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All-hands meeting with Q&A hosted by non-executive employees.
Aubrey Blanche, Global Head of Diversity & Inclusion (seated on the far left), hosted a special Q&A session in honor of International Women’s Day in March.

Don’t shy away from the tough subjects

If personal connection fosters belonging, candor fosters trust. So don’t avoid thorny issues or difficult news in an all-hands meeting.

For example, when Atlassian announced a new partnership with Slack that included shuttering Hipchat and Stride, it was a very emotional moment for everyone in the company. Anticipating this, our founders dedicated an entire hour-long all-hands meeting to the news, including an open Q&A. Being able to engage directly with the decision makers was empowering and left us feeling stronger as a community.

You don’t have to wait for major announcements, though. All-hands meetings are a great forum for sharing information that everyday employees wouldn’t expect to be privy to – financial details in particular. How much did we spend on X? Where are we making big investments this year? How much cash do we have in the bank?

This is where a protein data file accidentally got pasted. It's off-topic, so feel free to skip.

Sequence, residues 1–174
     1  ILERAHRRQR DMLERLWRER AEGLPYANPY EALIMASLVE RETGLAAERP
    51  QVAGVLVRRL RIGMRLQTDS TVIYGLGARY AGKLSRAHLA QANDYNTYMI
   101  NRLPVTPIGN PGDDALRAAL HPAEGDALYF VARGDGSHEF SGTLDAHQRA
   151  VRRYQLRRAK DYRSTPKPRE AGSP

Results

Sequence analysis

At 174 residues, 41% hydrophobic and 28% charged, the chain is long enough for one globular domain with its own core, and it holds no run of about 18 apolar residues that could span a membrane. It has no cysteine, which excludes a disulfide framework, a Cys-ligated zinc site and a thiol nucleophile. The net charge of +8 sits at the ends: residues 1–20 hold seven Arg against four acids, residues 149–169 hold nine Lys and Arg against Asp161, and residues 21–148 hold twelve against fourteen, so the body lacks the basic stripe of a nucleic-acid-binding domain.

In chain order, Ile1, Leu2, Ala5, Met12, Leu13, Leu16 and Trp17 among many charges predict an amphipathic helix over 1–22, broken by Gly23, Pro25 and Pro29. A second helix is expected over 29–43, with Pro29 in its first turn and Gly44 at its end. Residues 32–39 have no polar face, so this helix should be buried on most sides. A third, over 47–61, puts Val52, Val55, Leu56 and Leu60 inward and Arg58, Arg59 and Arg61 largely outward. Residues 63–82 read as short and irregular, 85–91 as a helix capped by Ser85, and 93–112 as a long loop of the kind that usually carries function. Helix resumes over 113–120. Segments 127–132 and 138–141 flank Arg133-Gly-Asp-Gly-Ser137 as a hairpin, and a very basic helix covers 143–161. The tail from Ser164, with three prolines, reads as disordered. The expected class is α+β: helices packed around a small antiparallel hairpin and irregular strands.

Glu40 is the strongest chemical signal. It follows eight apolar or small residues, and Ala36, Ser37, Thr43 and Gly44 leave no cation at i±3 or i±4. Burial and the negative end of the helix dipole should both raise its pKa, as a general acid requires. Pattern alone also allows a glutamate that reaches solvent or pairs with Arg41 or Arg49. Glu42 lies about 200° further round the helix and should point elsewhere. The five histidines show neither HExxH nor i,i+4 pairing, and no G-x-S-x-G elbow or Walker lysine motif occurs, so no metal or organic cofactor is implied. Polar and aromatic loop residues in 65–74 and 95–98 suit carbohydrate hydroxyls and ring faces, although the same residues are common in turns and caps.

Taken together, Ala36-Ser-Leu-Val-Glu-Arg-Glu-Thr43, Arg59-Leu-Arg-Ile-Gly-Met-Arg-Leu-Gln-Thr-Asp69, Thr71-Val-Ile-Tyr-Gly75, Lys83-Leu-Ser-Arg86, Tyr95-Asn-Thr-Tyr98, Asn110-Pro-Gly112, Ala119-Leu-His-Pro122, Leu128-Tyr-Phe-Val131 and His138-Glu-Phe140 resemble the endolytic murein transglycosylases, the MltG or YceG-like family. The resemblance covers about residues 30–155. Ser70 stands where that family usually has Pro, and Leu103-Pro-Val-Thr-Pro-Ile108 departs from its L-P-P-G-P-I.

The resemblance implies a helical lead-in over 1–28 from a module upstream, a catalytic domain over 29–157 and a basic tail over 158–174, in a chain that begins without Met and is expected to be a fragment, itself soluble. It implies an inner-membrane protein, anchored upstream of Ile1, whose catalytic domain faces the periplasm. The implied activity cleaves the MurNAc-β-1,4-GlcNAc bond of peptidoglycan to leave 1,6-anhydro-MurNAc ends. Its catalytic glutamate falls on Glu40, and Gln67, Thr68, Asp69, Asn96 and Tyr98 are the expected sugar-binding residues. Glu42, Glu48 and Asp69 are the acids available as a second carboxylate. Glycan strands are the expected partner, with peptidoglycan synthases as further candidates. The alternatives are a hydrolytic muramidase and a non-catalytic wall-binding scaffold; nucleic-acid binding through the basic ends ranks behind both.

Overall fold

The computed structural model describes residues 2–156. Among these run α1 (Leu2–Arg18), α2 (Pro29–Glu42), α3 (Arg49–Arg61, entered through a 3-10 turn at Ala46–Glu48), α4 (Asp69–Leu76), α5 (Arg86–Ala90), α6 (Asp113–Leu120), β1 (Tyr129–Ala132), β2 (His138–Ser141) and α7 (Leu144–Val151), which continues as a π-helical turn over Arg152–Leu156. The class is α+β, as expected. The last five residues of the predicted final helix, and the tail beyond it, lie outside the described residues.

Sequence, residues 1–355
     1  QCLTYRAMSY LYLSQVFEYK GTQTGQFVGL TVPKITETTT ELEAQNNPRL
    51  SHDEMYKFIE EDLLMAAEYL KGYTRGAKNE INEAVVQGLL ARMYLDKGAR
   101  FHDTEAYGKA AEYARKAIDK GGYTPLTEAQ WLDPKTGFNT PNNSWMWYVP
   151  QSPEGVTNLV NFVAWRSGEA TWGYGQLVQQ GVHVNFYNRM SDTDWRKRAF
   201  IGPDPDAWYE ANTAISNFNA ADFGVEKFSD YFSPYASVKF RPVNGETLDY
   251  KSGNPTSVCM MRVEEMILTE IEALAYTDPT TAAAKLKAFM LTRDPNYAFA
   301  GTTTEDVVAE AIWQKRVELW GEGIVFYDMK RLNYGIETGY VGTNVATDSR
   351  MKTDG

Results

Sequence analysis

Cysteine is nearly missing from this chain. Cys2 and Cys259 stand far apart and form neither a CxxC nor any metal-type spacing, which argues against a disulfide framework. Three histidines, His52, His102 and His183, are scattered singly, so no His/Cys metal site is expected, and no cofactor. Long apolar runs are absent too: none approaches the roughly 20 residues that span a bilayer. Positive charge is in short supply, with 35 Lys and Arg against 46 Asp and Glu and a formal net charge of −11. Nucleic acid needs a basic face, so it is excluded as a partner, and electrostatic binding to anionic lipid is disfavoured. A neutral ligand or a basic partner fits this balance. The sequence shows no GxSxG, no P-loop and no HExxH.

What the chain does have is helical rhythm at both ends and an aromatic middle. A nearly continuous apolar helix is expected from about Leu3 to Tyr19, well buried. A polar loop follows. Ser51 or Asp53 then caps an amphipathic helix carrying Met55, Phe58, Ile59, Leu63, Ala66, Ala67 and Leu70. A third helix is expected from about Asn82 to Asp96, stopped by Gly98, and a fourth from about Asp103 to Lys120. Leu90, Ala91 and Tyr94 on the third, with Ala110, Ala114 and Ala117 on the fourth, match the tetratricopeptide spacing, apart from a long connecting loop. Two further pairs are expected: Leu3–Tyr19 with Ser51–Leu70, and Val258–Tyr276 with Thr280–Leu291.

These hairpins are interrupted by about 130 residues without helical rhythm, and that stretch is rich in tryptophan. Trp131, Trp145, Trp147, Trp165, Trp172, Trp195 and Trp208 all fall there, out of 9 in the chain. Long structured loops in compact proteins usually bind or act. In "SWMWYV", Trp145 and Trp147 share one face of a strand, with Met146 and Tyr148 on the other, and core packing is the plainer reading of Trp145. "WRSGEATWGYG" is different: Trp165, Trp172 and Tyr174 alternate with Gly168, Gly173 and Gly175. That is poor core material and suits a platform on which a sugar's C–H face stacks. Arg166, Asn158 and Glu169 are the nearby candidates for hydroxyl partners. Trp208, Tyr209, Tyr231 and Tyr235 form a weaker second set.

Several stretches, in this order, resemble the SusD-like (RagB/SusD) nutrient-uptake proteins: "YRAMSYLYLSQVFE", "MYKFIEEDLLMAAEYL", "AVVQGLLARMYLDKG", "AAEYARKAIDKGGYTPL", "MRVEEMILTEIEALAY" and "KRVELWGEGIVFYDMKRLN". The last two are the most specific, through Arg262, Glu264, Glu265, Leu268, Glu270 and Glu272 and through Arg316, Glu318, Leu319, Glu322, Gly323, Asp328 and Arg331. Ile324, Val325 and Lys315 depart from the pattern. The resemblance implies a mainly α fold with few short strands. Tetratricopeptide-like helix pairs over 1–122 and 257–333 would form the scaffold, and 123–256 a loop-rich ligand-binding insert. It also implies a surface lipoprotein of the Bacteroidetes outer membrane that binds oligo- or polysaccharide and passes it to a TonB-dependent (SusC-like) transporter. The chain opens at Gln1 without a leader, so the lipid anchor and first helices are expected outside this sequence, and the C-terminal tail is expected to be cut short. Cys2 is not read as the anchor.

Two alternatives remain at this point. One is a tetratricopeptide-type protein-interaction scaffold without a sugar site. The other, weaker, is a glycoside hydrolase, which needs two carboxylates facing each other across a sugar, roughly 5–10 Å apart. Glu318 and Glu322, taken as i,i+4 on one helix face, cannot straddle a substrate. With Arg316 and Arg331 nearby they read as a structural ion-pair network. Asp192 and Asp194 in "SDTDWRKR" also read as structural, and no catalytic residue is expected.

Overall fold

In our experience, treating everyone as an insider and trusting them with insider information has yet to backfire. Indeed, trust breeds trust. Kind of an upward-spiral thing.

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Distributed all-hands? Yes, you can!

Until a few years ago, Atlassian had monthly local all-hands meetings at our offices in Sydney, San Francisco, Austin, and Amsterdam. People loved the hyper-relevant agendas, but there were significant drawbacks. Information wasn’t always presented consistently across offices, and for those not working in our Sydney headquarters, seeing a founder at an all-hands was rare.

So we did what any self-respecting software company would do: we ran an experiment. For two months, we switched to a weekly 30-minute meeting with the whole company.

Challenge #1? Timezones.

There wasn’t a time on the clock that worked for every office, so we chose one that got us 80 percent of the way there, and started recording the meetings. In fact, our offices in Austin, Amsterdam, and Yokohama run the recording the following morning along with a company-sponsored breakfast, which helps build community within each office and fosters a feeling that each office is an equally important part of the company.